The ADA requires employers to provide a reasonable accommodation to qualified individuals with a disability, unless doing so would cause an undue hardship.
A recent 7th Circuit case sheds light on the extent of an employer’s obligation to accommodate an employee’s accommodation request. In Gratzl v. Office of the Chief Judges of the 12th, 18th, 19th and 22nd Judicial Circuits (601 F.3d 674, 7th Cir. 2010), the court held that an employer’s offer of accommodation may be reasonable even if it is not the accommodation that the employee requests.
Job changed, condition didn’t
Jeanne Gratzl suffered from incontinence due to pregnancy complications. Gratzl worked as a court reporter exclusively in the court’s “control room,” which did not require in-court reporting. The job in the control room was ideal, as no one at work even knew of Gratzl’s medical condition.
In 2006, Gratzl’s position was eliminated and she, along with all the other court reporters, was required to rotate through courtrooms as well as the control room.
Gratzl believed she couldn’t perform in-court reporting in her new position because of her incontinence. She disclosed her medical condition to the chief judge. Gratzl asked the court to accommodate her incontinence by allowing her to work exclusively in the control room.
Instead, the court proposed several other accommodations:
- Assign Gratzl only to juvenile courtrooms, which did not have jury trials
- Assign her to courtrooms with an adjacent restroom
- Allow her to avoid working in courtrooms in which a trial was scheduled
- Not assign Gratzl to courtrooms located far from the restrooms
- Enable Gratzl to alert the presiding judge that she needed a break.
When Gratzl rejected all those offers, the court terminated her.
Court goes to court
Gratzl sued under the ADA and the Rehabilitation Act, claiming the court failed to accommodate her medical condition.
At trial, the district court held that Gratzl hadn’t established that she was disabled under the ADA and granted summary judgment to her employer.
The 7th Circuit affirmed the district court, holding that Gratzl was not a “qualified individual with a disability” under the ADA and that she was not protected by the ADA because she rejected the court’s proposed accommodations.
The 7th Circuit focused on whether rotating through courtrooms was an essential function of the court reporter job.
To determine whether a particular duty is an essential function, the court considered the employee’s job description, the employer’s opinion, the amount of time spent performing the function, the consequences for not requiring the employee to perform the duty and past and current work experiences.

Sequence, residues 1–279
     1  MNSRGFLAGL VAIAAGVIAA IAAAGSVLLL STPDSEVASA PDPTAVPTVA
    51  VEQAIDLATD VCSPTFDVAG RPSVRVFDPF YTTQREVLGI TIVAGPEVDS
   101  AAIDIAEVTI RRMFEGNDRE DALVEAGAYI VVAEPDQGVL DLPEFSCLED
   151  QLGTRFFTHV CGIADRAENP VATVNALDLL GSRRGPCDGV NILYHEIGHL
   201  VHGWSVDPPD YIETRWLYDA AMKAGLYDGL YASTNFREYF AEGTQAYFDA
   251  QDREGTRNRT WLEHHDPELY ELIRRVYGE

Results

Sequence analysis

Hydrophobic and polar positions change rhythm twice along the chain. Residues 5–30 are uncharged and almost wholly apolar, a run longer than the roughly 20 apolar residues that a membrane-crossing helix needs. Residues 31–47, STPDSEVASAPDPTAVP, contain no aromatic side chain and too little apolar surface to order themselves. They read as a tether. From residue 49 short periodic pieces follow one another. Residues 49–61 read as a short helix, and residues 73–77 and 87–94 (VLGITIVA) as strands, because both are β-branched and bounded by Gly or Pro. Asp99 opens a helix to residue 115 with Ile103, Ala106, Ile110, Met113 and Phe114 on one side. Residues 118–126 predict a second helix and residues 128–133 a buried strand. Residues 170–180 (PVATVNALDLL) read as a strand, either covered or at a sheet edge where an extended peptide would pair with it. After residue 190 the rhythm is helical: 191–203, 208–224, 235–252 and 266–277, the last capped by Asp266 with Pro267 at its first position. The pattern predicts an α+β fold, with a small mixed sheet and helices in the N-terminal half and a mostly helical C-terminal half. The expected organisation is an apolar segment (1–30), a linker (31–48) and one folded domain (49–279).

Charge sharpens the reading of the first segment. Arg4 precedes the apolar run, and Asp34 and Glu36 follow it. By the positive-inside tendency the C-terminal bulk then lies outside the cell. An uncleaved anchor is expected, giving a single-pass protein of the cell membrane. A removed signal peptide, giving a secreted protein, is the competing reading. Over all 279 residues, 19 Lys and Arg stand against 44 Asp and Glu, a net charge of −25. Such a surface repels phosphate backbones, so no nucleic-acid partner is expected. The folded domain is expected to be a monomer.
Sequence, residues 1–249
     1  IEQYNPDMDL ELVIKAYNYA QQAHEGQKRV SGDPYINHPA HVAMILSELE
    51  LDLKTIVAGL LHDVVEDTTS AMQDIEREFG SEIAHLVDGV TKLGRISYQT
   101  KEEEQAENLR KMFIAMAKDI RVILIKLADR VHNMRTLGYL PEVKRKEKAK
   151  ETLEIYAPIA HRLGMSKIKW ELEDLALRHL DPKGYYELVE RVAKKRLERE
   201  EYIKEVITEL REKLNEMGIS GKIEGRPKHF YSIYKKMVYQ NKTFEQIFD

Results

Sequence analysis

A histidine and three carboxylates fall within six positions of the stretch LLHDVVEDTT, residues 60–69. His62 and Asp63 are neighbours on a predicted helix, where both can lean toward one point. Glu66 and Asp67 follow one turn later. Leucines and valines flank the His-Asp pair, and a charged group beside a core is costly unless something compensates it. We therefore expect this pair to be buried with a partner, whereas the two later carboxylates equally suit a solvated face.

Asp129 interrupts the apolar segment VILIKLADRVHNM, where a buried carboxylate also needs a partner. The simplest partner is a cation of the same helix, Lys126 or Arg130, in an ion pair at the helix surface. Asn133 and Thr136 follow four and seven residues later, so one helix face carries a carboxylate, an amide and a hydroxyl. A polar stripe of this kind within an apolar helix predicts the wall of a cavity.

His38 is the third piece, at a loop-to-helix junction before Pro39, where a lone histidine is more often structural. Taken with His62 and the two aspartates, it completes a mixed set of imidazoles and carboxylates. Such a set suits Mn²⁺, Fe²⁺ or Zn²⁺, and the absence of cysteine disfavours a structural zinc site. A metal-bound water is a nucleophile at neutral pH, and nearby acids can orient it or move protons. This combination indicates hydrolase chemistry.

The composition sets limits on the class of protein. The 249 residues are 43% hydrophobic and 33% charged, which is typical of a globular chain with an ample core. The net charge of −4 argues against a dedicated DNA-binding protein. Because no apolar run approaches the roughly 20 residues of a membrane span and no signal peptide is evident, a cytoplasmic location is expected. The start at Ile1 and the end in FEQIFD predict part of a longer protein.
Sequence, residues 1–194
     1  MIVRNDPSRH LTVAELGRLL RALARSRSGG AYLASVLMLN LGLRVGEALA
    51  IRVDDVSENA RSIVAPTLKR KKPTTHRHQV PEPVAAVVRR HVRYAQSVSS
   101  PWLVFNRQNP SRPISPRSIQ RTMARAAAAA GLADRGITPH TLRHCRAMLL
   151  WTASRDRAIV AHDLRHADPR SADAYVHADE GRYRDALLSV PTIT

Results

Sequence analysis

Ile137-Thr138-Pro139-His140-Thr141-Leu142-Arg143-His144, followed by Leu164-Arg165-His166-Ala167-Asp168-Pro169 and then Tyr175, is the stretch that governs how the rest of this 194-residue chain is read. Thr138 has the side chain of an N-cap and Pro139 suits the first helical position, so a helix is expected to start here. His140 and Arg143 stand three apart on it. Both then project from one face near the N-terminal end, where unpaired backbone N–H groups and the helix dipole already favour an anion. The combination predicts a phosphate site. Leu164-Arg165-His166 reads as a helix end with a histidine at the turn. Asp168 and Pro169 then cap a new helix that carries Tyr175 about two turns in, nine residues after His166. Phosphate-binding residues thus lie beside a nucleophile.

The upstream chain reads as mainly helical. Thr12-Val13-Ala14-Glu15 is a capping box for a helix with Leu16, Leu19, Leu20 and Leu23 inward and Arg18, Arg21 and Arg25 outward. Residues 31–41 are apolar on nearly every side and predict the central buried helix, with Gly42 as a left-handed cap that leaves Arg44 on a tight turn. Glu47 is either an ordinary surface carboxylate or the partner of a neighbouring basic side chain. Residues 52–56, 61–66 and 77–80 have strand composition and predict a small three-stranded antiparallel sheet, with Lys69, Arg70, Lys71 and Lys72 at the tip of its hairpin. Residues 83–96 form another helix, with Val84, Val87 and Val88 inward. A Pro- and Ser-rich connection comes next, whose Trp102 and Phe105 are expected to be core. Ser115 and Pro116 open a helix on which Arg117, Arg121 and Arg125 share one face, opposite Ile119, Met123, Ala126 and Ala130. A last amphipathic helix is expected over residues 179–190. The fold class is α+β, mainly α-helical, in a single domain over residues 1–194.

The court held that in-court reporting was an essential function of the job of being a court reporter and that Gratzl failed to establish she was qualified for the job because she could not rotate through the courtrooms.
Reasonable, not perfect
In addition, the 7th Circuit held that Gratzl was not entitled to relief under the ADA because she refused her employer’s offers of reasonable accommodations.
Gratzl’s sole accommodation request was to restore her eliminated position in the control room. The court said that was unreasonable. An employer does not need to create a new job for the employee or strip a current job of its principal duties to accommodate the employee.
Furthermore, an employer doesn’t need to provide the exact accommodation requested by the employee. Instead, the employer must only provide some reasonable accommodation to the employee.
Accordingly, the court fulfilled its obligations under the ADA when it offered Gratzl several reasonable accommodations that would allow her to perform in-court reporting.
What the decision means for employers
This case illustrates the delicate situation that employers are placed in when an employee asks for accommodations under the ADA. This decision is favorable to employers, since it shows that employers have control over the kinds of accommodations they will provide.
However, don’t interpret this ruling as permission to automatically deny an employee’s request. When an employee requests an accommodation because of a disability, you have a duty to engage in an interactive process and work with the employee to provide a reasonable accommodation, even if it is not the exact accommodation that the employee had requested. That’s exactly what the employer in Gratzl did.
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